Since the draconian structural adjustment policies increasingly imposed on developing countries from the 1980s, movements of self-protection against big capital’s tendency to drive people from the land and to leave them hungry have been particularly important. Now they are even more necessary as food 204 L E T T H E M E AT J U N K prices rise globally, and this is why Via Campesina and the Brazilian Landless Workers Movement have been so successful. Via Campesina’s call for “food sovereignty” is essentially an effort to find ways of insulating the rural poor from the rapaciousness of global capitalism by rebuilding healthy rural communities that are, at least to some degree, self-sufficient. At the same time, given the violent and exploitative history of colonialism and imperialism, and the devastation that this history has caused throughout the global South, it is also necessary to think about longer-term means to significantly redistribute wealth on a global scale – a redistribution that will only become possible and effective to the extent that international cooperation is far more advanced than it is today.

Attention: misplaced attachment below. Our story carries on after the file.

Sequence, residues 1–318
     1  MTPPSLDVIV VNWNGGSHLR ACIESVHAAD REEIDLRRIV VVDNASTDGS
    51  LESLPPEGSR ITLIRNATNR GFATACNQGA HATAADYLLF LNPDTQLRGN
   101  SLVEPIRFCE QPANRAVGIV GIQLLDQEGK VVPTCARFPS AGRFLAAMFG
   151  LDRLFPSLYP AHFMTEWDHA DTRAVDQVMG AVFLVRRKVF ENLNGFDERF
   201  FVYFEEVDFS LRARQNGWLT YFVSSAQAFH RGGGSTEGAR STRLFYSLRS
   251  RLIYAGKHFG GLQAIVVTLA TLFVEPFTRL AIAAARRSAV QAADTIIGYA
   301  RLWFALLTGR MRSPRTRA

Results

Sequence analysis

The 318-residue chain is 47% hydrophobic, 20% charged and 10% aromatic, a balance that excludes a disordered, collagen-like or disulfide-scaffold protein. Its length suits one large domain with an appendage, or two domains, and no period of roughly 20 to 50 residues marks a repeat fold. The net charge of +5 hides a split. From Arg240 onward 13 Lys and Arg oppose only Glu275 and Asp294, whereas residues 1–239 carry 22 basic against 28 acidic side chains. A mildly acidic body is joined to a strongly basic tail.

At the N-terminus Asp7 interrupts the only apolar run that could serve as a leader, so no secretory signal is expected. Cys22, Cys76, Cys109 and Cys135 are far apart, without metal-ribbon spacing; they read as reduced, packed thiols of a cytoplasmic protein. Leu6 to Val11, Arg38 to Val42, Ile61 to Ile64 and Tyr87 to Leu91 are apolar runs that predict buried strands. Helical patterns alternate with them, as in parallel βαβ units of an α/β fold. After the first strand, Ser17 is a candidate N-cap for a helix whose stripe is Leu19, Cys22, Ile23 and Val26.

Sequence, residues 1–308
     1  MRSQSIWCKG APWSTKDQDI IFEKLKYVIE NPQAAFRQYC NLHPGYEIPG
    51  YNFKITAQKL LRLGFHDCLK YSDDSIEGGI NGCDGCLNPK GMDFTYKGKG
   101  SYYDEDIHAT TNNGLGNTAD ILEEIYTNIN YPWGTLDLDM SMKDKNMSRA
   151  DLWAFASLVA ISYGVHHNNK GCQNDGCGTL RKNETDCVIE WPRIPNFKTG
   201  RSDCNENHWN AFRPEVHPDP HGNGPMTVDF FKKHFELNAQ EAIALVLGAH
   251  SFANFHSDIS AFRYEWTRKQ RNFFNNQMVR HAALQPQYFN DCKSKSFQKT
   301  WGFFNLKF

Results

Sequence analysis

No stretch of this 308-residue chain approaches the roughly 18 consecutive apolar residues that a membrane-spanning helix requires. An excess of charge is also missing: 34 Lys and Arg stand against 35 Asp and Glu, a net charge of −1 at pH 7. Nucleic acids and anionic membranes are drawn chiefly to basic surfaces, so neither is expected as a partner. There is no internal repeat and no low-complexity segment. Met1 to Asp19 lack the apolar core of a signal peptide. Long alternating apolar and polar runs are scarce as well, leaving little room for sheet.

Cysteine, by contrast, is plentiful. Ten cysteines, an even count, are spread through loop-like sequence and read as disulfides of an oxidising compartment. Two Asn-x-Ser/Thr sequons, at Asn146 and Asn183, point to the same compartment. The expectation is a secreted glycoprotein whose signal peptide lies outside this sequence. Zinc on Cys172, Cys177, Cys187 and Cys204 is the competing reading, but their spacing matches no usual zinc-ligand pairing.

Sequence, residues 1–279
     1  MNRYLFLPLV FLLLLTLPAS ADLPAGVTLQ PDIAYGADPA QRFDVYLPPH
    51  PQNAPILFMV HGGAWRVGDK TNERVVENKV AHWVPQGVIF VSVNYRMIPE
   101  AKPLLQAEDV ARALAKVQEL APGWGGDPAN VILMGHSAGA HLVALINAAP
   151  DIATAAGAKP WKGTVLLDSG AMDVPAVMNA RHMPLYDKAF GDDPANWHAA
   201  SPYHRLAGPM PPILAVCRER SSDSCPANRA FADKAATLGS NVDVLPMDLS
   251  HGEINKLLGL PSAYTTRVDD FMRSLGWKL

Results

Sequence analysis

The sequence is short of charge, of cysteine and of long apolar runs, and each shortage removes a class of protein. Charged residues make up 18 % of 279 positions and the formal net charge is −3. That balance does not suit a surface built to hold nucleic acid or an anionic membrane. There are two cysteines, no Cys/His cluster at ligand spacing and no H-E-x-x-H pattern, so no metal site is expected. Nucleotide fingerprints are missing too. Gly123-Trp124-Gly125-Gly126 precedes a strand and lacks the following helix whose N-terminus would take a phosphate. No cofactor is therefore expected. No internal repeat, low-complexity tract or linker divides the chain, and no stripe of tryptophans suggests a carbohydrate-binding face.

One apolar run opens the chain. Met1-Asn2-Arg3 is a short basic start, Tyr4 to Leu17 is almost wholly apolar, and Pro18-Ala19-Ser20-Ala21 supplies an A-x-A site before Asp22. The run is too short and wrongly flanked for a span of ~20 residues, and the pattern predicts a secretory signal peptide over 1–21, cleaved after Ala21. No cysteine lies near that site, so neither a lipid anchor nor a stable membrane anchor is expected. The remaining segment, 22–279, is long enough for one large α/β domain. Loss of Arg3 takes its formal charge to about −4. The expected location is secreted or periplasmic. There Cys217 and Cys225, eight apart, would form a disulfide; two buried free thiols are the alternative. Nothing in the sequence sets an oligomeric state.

Coli 115 ecology 6–7, 24, 148, 161, 219 see also environment Ecuador 138 election campaigns (US) 185–6 El Salvador 159 empty calories 3, 5, 94 see also junk food enclosures of commons 12, 21 England 31, 44, 54 environment 152, 146–65 environmental costs 61, 148, 183 environmental debt 147 environmental degradation 61, 147, 151 environmental regulations 45 see also ecology Environmental Protection Agency (EPA) 137, 151, 159, 192 equality x, 197 see also inequality erosion 157 ethanol 5, 15, 23, 107, 135, 147, 150–2, 154, 189, 212 Everglades 45, 100–1, 171, 216 exercise 104 export-oriented agriculture 125, 134–6, 141 externalities xii, 28, 208 see also social costs extinction 156 extreme weather 35, 153, 156, 158 F Factory Acts 31 factory farms 19, 29, 36, 150, 157 see also agriculture fair trade 204 254 INDEX family farms 8, 18, 19, 25, 42, 45, 49, 59, 69, 82, 83, 120, 123, 128–30, 138, 140–1, 144, 203 see also agriculture farm income 128–30 fashion 69 fast food 32, 92, 97–8, 109, 120 fast food chains 133, 120–2 feedlots 103 see also confined animal feeding operation (CAFO) field workers 126–8 Fiji Islands 176 fish 160 flourishing 6 food 10 food additives 63, 113 food aid 108 food crisis ix, x, 89 food disparagement laws 189 food inspection 112, 189 food prices ix, 5, 23, 41, 88, 108, 129, 135, 141–2, 150, 152, 187, 204 see also hunger, starvation, structural adjustment policies, subsidies food provisioning 164 food pyramid 188 food regime/system 6 food safety 189 food security 153 see also food prices, hunger, starvation, structural adjustment policies, subsidies food sovereignty 204 Food and Agriculture Organization (FAO) ix, 89, 97, 153, 188 forced labour 124, 127 see also slavery fossil fuel 148, 151, 155 see also coal, petroleum Framework Convention on Tobacco Control 187 Frank Statement 191–2 freedom 47, 189 see also rights French revolution 2 G General Marshall 182 General Pershing 182 genetically modified organisms (GMOs) 118–19, 147, 161–3, 193 Bt crops 162 Roundup ready crops 162 global warming xi, 4, 5, 35, 147, 150, 154–6, 159, 179, 218 globalization 43–6, 71 glyposate 118–19 see also Roundup golden age 13, 52, 53 Gore, Al 100 government 183 government regulation 168, 193, 206 grain crops 155 green house gas emissions 142, 146, 148, 151, 155, 157 Greenland ice sheet 154 green revolution 58, 61, 115, 118, 124, 135, 149 green tobacco sickness 220 group of eight xii guaranteed annual income 35, 205, 210 guest workers 127, 140 H Haber–Bosch process 57 Haiti 128 Hammer, Armand 63 health 6, 16, 81, 92–4, 144, 174, 190–1, 210 high blood pressure 109 high fructose corn syrup (HFCS) 96, 101 historical analysis 13 historical directionality 12 homogenization 24, 33–7, 66 see also monoculture, species loss human flourishing 213 INDEX human rights 132 human right to food 197 see also rights Human Rights Watch 131, 138–9 hunger 4, 80, 89, 91, 105–8, 158, 204 see also starvation I identity 6, 10 island identity 46–7 see also subjectivity, individualism, possessive individualism ideology 74–5, 168, 182, 196 see also capitalist ideology illegal drugs 141 immigrant labour 40, 124, 126 see also guest workers, undocumented workers India 142 Indian Ocean 158 indifference to use-value 28, 29, 77 see also quality versus quantity individualism 26, 73–4, 166, 168, 170, 179 Indonesia 142, 155 industrial reserve army 39 inelasticity 24 inequality 8, 72, 134, 152, 180, 184, 194, 213 see also equality, poverty, poverty line, wages inner logic 12 see also abstract theory, deep structure/cause, pure capitalism intensification 30, 131 see also speed international cooperation 204, 207, 211 see also movements International Monetary Fund (IMF) 134 invisible hand 11 irrationality x, xi, 6, 29, 195, 202, 207 see also contradiction, rationality irrigation 157 255 Ivory Coast 138, 202 J jobs 126 job security 125–6 job turnover 131, 133 Joe Camel 171 Johnson, President L.